Like hardcore pioneers Minor Threat before them, psych-rockers Dead Meadow arose as a reaction to their D.C. environment. But where Ian MacKaye and D.C. punk defied the Reagan-era vibe of the nation’s capital, Dead Meadow branched out against the MacKaye-soaked music establishment itself, opting instead to slow down, space out and get weird.
“We grew up playing punk rock in the D.C. scene,” Dead Meadow singer and guitarist Jason Simon told the Current over the phone, “but it reached a point where it became oversaturated with that kind of music. We wanted to do something different, so we got back into bands we all liked growing up: Led Zeppelin, Hendrix, Sabbath. It just felt right, like, ‘Let’s do something completely different than what’s around. Let’s get stoned and into long jams and try to do something expansive that can capture the imagination in a way that those bands did for us—try to paint dark, long, moody pictures in your mind.’”
With that manifesto, Simon, bassist Steve Kille and drummer Mark Laughlin set out in 1998 to channel their stoned idols, emerging two years later with a self-titled debut release, a blues-drenched, home-recorded and energetic album—the type that only comes from an inchoate band sure of what they want. Nuggets-era jams seep from 2000’s Dead Meadow; long, winding directions in music that pull heavily from the blues-based, psychedelic Texas innovators the 13th Floor Elevators.
“I’m a huge Elevators fan,” said Simon. “To me that’s The Great Psychedelic Band of All Time. I love [Elevators’ guitarists] Roky Erickson and Stacy Sutherland. You could hear these blues guitarists, feeling that tradition in their music, but then being pushed out in these new ways. I really dig music where you can feel that push and pull—you can almost feel the tension of stretching that tradition.”
Remaining true to Elevators’ custom, Dead Meadow’s sixth and most recent studio release, Warble Womb (2013), finds the band searching in a psychedelic, blues-rooted vein. It’s an engaging mix of acid-to-the-head guitar trips atop a grounded rhythmic base, stretched out over an ambitious 15 tracks.
But unlike the free-flowing energy surrounding the trio’s debut album, Warble Womb presents a challenge of experience, responding to a creative process that is no longer new.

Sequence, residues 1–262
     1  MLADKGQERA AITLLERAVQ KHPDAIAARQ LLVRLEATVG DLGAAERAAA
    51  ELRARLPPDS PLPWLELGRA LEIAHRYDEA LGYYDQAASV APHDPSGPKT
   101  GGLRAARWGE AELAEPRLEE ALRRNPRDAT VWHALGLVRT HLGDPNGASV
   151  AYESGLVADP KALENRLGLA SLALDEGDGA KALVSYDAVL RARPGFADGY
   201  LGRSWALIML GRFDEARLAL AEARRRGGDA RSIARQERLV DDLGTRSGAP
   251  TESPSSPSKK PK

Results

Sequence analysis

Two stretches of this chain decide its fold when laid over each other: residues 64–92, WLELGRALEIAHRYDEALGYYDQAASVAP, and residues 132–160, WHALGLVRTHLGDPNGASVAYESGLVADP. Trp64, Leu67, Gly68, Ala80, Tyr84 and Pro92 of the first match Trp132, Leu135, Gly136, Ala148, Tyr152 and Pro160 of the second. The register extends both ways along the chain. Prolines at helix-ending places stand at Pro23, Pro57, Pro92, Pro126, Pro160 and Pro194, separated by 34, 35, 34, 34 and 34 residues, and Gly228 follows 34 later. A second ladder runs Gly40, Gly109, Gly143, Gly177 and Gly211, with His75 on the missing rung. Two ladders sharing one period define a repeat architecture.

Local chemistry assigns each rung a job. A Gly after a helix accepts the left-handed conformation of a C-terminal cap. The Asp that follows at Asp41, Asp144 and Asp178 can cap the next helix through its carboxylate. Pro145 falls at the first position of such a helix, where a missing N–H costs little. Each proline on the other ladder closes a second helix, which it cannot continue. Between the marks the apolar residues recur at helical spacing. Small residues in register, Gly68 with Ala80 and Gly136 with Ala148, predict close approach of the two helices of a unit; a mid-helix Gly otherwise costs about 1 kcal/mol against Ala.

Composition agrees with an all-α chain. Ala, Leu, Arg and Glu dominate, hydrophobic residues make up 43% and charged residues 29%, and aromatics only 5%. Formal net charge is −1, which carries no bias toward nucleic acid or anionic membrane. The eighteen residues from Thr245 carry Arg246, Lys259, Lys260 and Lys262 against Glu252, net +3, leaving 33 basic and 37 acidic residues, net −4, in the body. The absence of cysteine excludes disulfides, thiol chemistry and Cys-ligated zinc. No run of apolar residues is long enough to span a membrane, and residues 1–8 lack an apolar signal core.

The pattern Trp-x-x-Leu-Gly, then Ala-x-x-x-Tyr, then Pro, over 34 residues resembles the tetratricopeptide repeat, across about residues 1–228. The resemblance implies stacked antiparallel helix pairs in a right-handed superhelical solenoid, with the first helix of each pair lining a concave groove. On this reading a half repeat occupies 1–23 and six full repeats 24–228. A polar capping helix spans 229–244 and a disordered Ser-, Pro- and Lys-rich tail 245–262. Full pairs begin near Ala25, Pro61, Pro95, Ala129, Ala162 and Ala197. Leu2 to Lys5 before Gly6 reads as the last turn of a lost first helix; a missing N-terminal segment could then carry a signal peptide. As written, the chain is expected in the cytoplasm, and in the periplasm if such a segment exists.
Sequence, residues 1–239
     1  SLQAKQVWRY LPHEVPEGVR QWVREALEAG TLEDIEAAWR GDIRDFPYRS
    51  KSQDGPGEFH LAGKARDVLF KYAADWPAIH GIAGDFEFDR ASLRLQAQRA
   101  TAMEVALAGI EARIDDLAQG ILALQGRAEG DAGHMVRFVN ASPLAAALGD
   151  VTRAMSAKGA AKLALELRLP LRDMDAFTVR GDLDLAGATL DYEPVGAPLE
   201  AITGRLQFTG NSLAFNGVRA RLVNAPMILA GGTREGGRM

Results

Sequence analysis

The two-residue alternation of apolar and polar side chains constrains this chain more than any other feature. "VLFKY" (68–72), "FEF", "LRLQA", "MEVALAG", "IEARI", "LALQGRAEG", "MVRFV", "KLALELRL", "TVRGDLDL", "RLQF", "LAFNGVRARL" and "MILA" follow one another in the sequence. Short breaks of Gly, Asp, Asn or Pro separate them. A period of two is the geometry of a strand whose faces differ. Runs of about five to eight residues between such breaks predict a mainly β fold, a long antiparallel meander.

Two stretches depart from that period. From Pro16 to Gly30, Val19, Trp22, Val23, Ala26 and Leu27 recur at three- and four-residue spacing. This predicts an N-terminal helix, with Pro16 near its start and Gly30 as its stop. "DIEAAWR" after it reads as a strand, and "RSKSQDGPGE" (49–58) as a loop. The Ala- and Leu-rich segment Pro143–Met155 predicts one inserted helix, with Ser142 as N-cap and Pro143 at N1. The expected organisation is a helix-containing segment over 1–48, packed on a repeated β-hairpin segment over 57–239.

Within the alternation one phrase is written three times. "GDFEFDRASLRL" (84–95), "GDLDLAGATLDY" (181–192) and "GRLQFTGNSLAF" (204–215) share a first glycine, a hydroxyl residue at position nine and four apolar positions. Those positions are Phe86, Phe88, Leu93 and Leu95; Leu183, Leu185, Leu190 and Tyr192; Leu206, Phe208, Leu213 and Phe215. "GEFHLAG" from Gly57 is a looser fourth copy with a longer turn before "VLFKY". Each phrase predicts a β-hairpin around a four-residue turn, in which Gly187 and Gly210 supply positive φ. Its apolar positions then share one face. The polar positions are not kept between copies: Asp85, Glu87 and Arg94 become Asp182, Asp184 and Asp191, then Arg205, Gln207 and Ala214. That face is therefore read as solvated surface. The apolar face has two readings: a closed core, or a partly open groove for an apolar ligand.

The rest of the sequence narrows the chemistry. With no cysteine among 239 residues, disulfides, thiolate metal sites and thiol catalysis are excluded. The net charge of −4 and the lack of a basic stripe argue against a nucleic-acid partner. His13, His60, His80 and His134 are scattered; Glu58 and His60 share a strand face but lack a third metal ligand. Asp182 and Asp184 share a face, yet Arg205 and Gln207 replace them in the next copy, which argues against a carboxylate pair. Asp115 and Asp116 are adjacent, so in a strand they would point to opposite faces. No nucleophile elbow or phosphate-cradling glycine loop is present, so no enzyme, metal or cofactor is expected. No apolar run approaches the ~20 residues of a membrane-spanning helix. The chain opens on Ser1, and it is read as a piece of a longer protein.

“On the first one, things were so fresh,” said Simon. “Dead Meadow was done like that, recorded in my parent’s basement, all live except for the vocals.” For Warble Womb, the band faced a challenge familiar to veteran artists: whether to respond to their library of work so far, or blaze new trails with the informed scope of a band 15 years into its career. “With Dead Meadow, we want to push forward with new ideas but not abandon everything that has come before. With each record, there’s a push and pull ... that becomes a little trickier.”
To add to the hitches of the sixth album, Warble Womb marked the official studio return of Dead Meadow’s original drummer, Mark Laughlin. “Mark was on the first two records and left the band,” said Simon, “actually, to be a lawyer in New York. A few years ago, [previous drummer] Stephen McCarty left. Just as a one-off, we asked Mark to come out and play a show in the desert. He did, and then said, ‘I’m sick of New York, sick of my job, let’s do this.’”
“There was definitely a little adjustment period,” said Simon, “settling back in as a three-piece, especially the nature of how we play. There’s a lot of room for stretching out and jamming and intuitive playing. It took some time before it all settled back in a new way.” The adjustments resonate without a doubt on Warble Womb’s first single, “1,000 Dreams,” a can’t-live-with-her-can’t-live-without-her tale of love and woe that’s tightly knit without losing the opportunity to explore psychedelic terrain.
Warble Womb also represents Dead Meadow’s first yield in the studio since relocating fully to Los Angeles. While the move makes sense from an industry perspective, the environmental change has also benefitted Simon’s writing style. “In D.C.,” he said, “especially with lyrics or tones, the type of environment—East Coast, dense forests—more images come from that. In L.A., it’s camping on the beach, camping in the mountains or camping in the desert.”
With a radical shift in the reception of psychedelia—partially due to Texas’ Black Angels and the annual Austin Psych Fest—the music has seen some extraordinary growth. “Without a doubt, it’s become more receptive. The Black Angels have done a lot to promote the genre … making it bigger all around,” said Simon. Despite that recent popularity, Dead Meadow’s artistic vision remains true to its core.
“In the creative process, we’re a band who likes to lock ourselves away and say ‘Let’s see what weird stuff we can make,’” said Simon. “In that regard, it hasn’t really changed that much.”
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